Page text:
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Grad students in high-performance computing (HPC), or in science or engineering applications that might use HPC: Apply for the George Michael Fellowship!  (Disclaimer: I'm on the selection committee (unpaid).)  Applications open Monday 03 March.
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Matthew Knepley's profile photoAron Ahmadia's profile photoKarl Rupp's profile photoJim Fonseca's profile photo
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There's fellowship money in the Banana Stand!

Mark Hoemmen

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I have been working on a research code with a colleague.  In a
comment, I explained why I complicated one part of the code in order
to preserve the strong exception guarantee.  This is a C++ way of
saying "transactional semantics": either the operation succeeds, or it
commits no side effects.  I remarked that preserving the strong
exception guarantee whenever possible is a kata -- practice of a form
that teaches through repetition.  This reminded me of the three stages of mastery:

http://en.wikipedia.org/wiki/Shu_Ha_Ri

There are certainly reasons to "digress" (Ha) from the strong
exception guarantee.  One's software may be modeling or interfacing
with a physical system, where side effects commonly accompany (or
cause) failure to perform to specification.  (Light bulbs that don't
turn on probably have a burnt-out filament.)  Keeping the strong
exception guarantee also costs resources, such as temporary copies of input arguments.  Scientific computing tends to push resource
requirements, or at least has done so historically.  Thus, coders
working in this paradigm tend to favor conserving resources, like
memory and operations, at the expense of other guarantees.

The strong exception guarantee is a special case of an "invariant" --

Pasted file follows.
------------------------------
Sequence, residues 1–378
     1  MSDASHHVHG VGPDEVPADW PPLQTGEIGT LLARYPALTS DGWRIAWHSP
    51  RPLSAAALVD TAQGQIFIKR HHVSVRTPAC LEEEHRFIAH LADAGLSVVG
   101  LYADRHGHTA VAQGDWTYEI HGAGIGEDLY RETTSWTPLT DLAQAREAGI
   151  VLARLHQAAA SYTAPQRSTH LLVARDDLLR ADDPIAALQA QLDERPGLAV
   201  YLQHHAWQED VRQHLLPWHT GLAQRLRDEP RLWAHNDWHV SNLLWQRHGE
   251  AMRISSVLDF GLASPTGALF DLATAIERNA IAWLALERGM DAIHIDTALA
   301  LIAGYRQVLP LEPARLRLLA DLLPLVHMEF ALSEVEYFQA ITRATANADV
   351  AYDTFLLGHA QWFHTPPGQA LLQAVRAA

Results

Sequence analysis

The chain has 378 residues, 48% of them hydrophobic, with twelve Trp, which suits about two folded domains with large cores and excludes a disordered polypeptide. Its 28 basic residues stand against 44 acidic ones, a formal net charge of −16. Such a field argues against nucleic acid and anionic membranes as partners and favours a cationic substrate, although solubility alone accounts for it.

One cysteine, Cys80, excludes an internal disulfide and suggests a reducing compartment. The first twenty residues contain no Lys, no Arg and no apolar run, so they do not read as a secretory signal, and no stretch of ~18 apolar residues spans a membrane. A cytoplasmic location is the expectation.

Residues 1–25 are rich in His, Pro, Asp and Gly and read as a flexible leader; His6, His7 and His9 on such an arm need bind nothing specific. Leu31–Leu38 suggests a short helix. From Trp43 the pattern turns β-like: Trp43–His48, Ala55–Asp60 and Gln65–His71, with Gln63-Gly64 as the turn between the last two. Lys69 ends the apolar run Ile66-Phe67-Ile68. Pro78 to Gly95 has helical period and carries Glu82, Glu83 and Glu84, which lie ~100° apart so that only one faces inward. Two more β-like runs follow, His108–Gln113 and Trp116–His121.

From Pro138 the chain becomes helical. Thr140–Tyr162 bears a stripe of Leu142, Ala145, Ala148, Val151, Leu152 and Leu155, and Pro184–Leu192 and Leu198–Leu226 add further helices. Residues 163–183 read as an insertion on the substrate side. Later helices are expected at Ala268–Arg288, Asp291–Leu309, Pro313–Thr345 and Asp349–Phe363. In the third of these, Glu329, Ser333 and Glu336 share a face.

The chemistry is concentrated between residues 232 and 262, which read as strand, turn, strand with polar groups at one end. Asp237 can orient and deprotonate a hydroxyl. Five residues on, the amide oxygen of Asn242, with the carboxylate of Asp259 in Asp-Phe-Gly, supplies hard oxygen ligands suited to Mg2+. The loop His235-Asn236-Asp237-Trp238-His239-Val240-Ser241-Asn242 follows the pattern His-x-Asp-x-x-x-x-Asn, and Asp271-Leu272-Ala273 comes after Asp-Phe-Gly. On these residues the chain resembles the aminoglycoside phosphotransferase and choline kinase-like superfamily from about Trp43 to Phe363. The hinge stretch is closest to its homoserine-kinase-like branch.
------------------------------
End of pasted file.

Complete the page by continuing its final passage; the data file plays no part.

a property of the program that does not change when a particular
routine runs.  I remember invariants as a tedious ritual of my
freshman introduction to programming course, rather like "showing
one's work" in algebra.  Both felt like "repeating the self-evident."
Successive programming courses dropped invariants without comment.  I wonder now whether continuous practice and respect for the "invariants kata" would have simplified some tricky data structures work later on. I wonder also if language support for declaring and checking invariants in my freshman course (we slogged our way through Java, which "dragged C programmers halfway to COBOL") would have made me appreciate their value sooner.
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Mark Hoemmen

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THIS
 
This is epic. I don't know how it got published in usenix, but I am not complaining.

Of course, pride precedes the fall, and at some point, you realize that to implement aggressive out-of-order execution, you need to fit more transistors into the same die size, but then a material science guy pops out of a birthday cake and says YEAH WE CAN DO THAT
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Mark Hoemmen's profile photoKevin Colby's profile photoCharles Ballowe's profile photoNicholas Haggin's profile photo
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"Justifies" is not quite the right word -- "explains" might be better.

Mark Hoemmen

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The first European Trilinos Users' Group Meeting: EPFL Lausanne 04-06 June 2012.
Navigation within EPFL sites; Navigation within this site; Jump to search field; Jump to page content; Technical contact. You are · Prospective students portal · EPFL Virtual tour · Exchange student ·...
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Jed Brown's profile photoMark Hoemmen's profile photoJeff Hammond's profile photo
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I think it should be a beard-off instead :-)

Mark Hoemmen

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INTRODUCTION TO COMPUTATIONAL SCIENCE. A Definition of Computational Science. Computational science involves innovative and essential use of high-performance computation, and/or the development of hig...